# server: 1:
i
101
# server: 2:
i
101
# server: 3:
i
103

WTF? Why server 1 and server 3 have inserted their corresponding server ids, and server 2 has not?

Let's do some debugging.
  1. Server 3 inserts @@server_id with statement-based replication, overriding the defaults.
  2. Server 3's slave, server 1, executes the statement. But its default binlog_format is still "row", not "statement".
  3. Server 2, slave of server 1, receives a row-based chunk from the binary log, and therefore inserts the value of its master, because the statement was not passed along.
Using row-based format explicitly would not cause any side effect.

$ ./n1 -e "truncate test.t1"
$ ./n3 -e "set binlog_format='row';insert into test.t1 values (@@server_id)"
$ ./use_all "select * from test.t1"
# server: 1:
i
103
# server: 2:
i
103
# server: 3:
i
103
Looking for really useful uses of row-based replication, we can experience the greatest advantage (compared to statement-based) when inserting the result of an expensive calculation. Let's try. First of all, we force row-based replication on all nodes permanently.

$ ./use_all 'set global binlog_format="row"'
Then we execute an expensive query, and see the results.
$ ./n3 -e "insert into test.t1 select count(*) from information_schema.columns"
$ ./use_all "show global status like 'opened_tables' "
# server: 1:
Variable_name Value
Opened_tables 17
# server: 2:
Variable_name Value
Opened_tables 17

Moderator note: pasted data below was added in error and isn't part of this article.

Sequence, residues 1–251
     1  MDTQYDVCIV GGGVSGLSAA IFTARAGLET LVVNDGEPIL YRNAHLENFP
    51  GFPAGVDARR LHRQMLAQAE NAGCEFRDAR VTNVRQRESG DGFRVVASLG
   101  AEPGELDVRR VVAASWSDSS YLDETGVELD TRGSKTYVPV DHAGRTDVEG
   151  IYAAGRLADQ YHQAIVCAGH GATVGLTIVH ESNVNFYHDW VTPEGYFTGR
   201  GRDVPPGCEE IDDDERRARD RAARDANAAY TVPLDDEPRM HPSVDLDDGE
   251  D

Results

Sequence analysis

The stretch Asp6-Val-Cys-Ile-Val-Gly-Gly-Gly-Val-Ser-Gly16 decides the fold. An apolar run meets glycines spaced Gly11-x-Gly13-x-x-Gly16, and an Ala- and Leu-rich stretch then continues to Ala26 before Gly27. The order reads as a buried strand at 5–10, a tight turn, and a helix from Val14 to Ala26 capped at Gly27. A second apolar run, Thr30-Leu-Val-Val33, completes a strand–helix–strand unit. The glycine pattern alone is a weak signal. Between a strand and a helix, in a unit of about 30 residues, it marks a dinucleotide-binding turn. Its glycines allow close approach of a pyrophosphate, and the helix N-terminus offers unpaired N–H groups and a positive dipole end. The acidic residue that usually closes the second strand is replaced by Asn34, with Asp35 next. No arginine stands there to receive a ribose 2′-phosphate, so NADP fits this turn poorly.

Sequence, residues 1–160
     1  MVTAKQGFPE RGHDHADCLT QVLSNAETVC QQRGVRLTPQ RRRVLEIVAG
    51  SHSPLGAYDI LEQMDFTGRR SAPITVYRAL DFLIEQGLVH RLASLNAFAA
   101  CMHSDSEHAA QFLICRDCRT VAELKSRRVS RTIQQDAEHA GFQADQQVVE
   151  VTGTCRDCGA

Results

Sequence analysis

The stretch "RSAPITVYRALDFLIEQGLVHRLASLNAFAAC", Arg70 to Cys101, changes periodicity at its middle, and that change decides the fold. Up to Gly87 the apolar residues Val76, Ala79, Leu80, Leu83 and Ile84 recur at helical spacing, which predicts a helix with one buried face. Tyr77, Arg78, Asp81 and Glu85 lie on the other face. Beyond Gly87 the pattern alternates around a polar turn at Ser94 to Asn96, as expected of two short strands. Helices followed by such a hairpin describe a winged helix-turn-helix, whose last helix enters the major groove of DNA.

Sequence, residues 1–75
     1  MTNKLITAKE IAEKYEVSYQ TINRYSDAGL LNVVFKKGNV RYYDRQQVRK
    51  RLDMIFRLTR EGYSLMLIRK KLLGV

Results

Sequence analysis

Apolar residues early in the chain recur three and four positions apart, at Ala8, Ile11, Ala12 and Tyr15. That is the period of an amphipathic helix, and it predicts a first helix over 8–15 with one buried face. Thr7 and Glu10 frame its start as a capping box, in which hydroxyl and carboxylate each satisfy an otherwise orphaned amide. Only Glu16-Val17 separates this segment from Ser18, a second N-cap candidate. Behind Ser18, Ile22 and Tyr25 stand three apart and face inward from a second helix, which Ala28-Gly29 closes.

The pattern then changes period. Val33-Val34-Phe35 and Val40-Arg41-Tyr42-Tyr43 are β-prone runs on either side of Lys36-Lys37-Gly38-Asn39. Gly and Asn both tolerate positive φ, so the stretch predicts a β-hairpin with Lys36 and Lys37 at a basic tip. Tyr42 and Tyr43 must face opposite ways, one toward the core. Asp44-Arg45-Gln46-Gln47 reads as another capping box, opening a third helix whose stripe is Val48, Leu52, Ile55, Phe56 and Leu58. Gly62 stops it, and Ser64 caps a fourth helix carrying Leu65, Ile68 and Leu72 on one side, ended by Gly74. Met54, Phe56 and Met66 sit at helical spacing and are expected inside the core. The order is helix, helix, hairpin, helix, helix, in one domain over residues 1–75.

# server: 3:
Variable_name Value
Opened_tables 41
If you know how information_schema works in MySQL, you know that if you want to get statistics on the number of columns, the server has to open all the tables and count them. Server 3 has done exactly that, and the number of opened tables is more than double than its fellows servers.

This is a useful operation to perform when you know that the master is inserting the result of an expensive calculation, and you don't want to delay the slaves.

Switching to row-based replication permanently would be a mistake, though. Consider a simple update like this one:

UPDATE huge_table set some_column = 'some value' where some_other_column = 'X';

This would be relatively inexpensive in statement-based replication. If the table has 200 columns, though, using row-based format your binary log will pass the whole record to the slaves.
Used with care, row-based replication can deliver good results.

Wednesday, July 09, 2008

Proxy webinar - slides, script, FAQ

We did it. Designing Scalable Architectures with MySQL Proxy was delivered successfully, with over 150 attendees.
There is a large number of questions that were asked during the session, and you can find them in MySQL Proxy FAQ.
The slides, with the highly entertaining images used by John Loehrer to illustrate his point are also online
Finally, John posted his Connection pooler Lua script in the Forge.
Thanks to John Loehrer for his lively presentation, to Jimmy Guerrero and Rich Taylor for organizing the event, to Jan Kneschke, for answering questions online while we were talking, and to all the attendees, for showing such degree of interest.
And don't forget that there is still a quick poll on the future of MySQL Proxy that you can still vote on.

Tuesday, July 08, 2008

Shaping the future of MySQL Proxy


Here is a chance for all users to influence the future development of MySQL Proxy.
If you care about Proxy, you may want to check the current quickpoll in the Dev Zone, and vote for your favorite features.
The developers have a truckload of ideas, of course, but only a finite amount of time. So they can't develop all the features at once. They must start somewhere, and your vote can help them decide which ones should get higher priority.